Viewpoint: How GPs can support South Asian patients with rheumatoid arthritis

A project between the University of Manchester and the National National Rheumatoid Arthritis Society is helping to engage South Asian patients with rheumatoid arthritis. Dr Kanta Kumar and Ailsa Bosworth explain how the initiative can help GPs.

The website includes real-life case studies
The website includes real-life case studies

The social stigma and health beliefs associated with rheumatoid arthritis (RA) and a fear of medicines being poison may contribute to patients of South Asian origin failing to take their medication and inhabit active involvement in their disease management.

Research undertaken by the University of Manchester studied the factors that influenced behaviour around taking medicines and identified a number of key areas that helped to shape when South Asian patients took their medication:

  • Beliefs about the need for medicines in RA
  • Fears around the toxicity of medicines
  • Traditional remedies versus ‘western’ medicines
  • Communication by health professionals

The researchers recommended that South Asian patients with RA would benefit from health professionals giving them tailored information that highlights the long-term consequences of rheumatoid arthritis.

This research has led to a national project between the university and the National Rheumatoid Arthritis Society. The team has set up a project for South Asian patients called ApniJung – ‘our fight’ against RA. The website has relevant patient information on RA in Hindi www.nras.org.uk/apnijung and features South Asian patients telling their stories on RA in Hindi.    

Why is targeted information important?

RA is a long-term chronic disease that leads to disability and shorten life expectancy. Uncontrolled disease can have a financial burden on patient, NHS and society.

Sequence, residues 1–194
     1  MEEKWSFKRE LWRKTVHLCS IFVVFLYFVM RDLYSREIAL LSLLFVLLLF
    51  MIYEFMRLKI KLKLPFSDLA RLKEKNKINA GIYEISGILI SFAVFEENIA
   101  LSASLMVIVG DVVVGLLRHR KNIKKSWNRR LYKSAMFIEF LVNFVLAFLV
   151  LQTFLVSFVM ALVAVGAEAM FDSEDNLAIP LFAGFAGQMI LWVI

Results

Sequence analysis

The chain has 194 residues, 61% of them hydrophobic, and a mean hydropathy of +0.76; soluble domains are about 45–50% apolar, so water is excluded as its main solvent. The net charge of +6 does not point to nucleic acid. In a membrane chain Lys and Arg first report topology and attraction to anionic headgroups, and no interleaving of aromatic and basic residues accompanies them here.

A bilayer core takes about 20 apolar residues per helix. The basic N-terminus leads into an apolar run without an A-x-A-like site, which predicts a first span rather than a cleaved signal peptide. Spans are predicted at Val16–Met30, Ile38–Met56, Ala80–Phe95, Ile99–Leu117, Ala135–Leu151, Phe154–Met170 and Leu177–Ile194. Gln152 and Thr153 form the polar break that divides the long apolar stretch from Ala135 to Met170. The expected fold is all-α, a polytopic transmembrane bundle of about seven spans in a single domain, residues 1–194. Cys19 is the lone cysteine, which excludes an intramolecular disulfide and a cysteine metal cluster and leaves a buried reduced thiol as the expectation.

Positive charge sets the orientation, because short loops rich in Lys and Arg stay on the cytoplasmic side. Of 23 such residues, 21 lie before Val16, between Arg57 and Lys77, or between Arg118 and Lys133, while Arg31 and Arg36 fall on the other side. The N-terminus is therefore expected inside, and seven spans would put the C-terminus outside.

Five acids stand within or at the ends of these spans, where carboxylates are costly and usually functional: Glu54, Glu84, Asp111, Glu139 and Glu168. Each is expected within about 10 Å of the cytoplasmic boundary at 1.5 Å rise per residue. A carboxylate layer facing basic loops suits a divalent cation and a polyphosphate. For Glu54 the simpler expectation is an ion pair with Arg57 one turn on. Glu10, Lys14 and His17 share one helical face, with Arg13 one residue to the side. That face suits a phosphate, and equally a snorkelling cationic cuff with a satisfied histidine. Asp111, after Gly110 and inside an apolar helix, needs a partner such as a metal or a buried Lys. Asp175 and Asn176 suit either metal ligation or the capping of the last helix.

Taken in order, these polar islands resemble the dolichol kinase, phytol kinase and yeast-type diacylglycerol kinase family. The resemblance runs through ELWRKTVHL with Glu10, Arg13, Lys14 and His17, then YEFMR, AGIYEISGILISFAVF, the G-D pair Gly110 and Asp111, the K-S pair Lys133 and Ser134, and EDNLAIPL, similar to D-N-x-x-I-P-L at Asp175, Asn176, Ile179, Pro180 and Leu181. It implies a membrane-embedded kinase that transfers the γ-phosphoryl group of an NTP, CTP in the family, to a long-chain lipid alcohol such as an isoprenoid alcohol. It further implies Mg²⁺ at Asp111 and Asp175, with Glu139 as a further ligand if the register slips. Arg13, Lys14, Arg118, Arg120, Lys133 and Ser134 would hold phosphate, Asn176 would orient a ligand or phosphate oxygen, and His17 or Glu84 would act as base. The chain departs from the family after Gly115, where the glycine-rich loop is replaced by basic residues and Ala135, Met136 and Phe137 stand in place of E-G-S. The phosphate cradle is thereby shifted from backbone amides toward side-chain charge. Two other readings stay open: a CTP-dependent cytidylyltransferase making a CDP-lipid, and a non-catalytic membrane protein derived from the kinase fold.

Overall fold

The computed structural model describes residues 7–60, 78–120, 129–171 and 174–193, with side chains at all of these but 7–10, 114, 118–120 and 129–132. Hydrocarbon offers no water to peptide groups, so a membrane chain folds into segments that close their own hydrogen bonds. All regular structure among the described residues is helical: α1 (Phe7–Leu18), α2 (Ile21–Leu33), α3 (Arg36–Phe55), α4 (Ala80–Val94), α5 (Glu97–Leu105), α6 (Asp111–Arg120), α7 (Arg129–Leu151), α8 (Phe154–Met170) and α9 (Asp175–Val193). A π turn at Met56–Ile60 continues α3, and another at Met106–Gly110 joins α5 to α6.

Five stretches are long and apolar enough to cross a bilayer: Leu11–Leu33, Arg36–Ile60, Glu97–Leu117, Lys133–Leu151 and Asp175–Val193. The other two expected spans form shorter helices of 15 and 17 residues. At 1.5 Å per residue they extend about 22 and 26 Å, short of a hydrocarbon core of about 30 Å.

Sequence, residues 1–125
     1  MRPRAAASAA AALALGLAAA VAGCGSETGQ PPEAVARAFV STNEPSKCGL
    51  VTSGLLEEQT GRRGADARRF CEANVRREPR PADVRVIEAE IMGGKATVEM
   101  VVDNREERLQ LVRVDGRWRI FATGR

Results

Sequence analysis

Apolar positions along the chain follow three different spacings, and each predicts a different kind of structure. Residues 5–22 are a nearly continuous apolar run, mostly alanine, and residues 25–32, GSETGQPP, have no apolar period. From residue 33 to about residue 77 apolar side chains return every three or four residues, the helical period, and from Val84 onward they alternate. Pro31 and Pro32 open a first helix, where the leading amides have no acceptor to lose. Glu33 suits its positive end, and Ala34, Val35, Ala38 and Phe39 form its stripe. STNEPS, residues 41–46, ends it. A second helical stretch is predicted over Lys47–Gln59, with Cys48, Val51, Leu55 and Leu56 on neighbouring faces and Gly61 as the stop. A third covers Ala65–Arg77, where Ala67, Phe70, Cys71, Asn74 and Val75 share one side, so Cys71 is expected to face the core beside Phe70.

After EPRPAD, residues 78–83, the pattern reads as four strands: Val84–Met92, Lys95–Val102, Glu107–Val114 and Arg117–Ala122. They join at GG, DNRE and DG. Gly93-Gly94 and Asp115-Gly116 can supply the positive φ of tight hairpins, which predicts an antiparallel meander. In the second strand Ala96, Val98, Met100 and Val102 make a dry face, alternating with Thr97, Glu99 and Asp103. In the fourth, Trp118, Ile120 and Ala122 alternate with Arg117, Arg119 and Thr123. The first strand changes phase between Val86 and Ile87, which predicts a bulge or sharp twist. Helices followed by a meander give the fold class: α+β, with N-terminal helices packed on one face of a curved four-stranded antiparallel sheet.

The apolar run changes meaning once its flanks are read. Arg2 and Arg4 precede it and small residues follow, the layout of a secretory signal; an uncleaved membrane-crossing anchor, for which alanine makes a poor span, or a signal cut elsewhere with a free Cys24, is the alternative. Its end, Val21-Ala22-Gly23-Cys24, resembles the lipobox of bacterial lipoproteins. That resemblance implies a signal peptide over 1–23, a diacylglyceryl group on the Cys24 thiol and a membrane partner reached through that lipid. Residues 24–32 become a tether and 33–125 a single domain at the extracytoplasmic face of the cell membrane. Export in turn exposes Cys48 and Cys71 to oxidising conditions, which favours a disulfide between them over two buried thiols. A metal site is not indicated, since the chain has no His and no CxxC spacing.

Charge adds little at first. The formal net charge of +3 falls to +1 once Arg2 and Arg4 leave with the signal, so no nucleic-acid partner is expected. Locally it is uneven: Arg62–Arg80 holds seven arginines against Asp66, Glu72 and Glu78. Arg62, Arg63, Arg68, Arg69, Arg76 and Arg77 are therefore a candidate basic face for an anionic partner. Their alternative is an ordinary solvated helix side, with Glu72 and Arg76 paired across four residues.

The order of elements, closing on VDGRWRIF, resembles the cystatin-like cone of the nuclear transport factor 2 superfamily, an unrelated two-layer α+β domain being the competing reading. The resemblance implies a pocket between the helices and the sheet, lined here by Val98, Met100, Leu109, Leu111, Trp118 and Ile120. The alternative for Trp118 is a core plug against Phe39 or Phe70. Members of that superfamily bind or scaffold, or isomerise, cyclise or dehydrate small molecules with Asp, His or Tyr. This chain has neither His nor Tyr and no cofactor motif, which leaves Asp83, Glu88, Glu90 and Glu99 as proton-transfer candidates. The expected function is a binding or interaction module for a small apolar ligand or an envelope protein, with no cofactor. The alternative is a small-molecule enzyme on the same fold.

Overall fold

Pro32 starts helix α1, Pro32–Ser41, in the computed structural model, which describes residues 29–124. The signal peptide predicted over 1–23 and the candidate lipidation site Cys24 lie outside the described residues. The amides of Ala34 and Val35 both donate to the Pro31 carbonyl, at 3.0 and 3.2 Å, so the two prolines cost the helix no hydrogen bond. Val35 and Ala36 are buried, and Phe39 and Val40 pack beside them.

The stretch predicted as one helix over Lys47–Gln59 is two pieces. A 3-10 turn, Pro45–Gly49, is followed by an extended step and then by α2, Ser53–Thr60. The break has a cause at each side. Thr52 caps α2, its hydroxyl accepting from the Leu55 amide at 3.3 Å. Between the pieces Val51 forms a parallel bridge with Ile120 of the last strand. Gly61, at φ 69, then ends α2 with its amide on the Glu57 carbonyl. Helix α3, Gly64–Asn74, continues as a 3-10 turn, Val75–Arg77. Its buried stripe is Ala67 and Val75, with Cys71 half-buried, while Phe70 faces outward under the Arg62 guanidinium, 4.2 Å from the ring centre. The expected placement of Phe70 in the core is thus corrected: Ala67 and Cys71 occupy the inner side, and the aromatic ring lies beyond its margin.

Not taking RA medicines can have a profound effect on patients’ health and can result in poor clinical outcomes for those with RA.

Our research found that South Asian patients would benefit from tailored advice that highlights the long-term consequences of inadequately controlled RA.

For people from a South Asian background – India, Pakistan or Bangladesh – RA medicines are viewed as culturally unacceptable, making some patients reluctant to start disease modifying anti-rheumatic drugs.

Some patients used traditional and herbal remedies rather than ‘Western’ medicines, believing them to better at tackling illnesses without side effects. Family and friends were often important in deciding whether to take these medicines.

The University of Manchester and the National Rheumatoid Arthritis Society will be developing the website further in collaboration with health professionals and people with RA from South Asian communities all over the UK.

We are creating and developing material in audio-visual format so that it is as accessible as possible for this population which accounts for some 4% of the total UK population. It offers, for the first time, GPs and rheumatology teams, an accessible informative and educational resource for their South Asian patients with RA in Hindi.

For more information on the project visit www.nras.org.uk/apnijung or contact: enquiries@nras.org.uk

  • Dr Kanta Kumar is a lecturer at the School of Health Sciences, University of Manchester and Ailsa Bosworth is chief executive of the National Rheumatoid Arthritis Society

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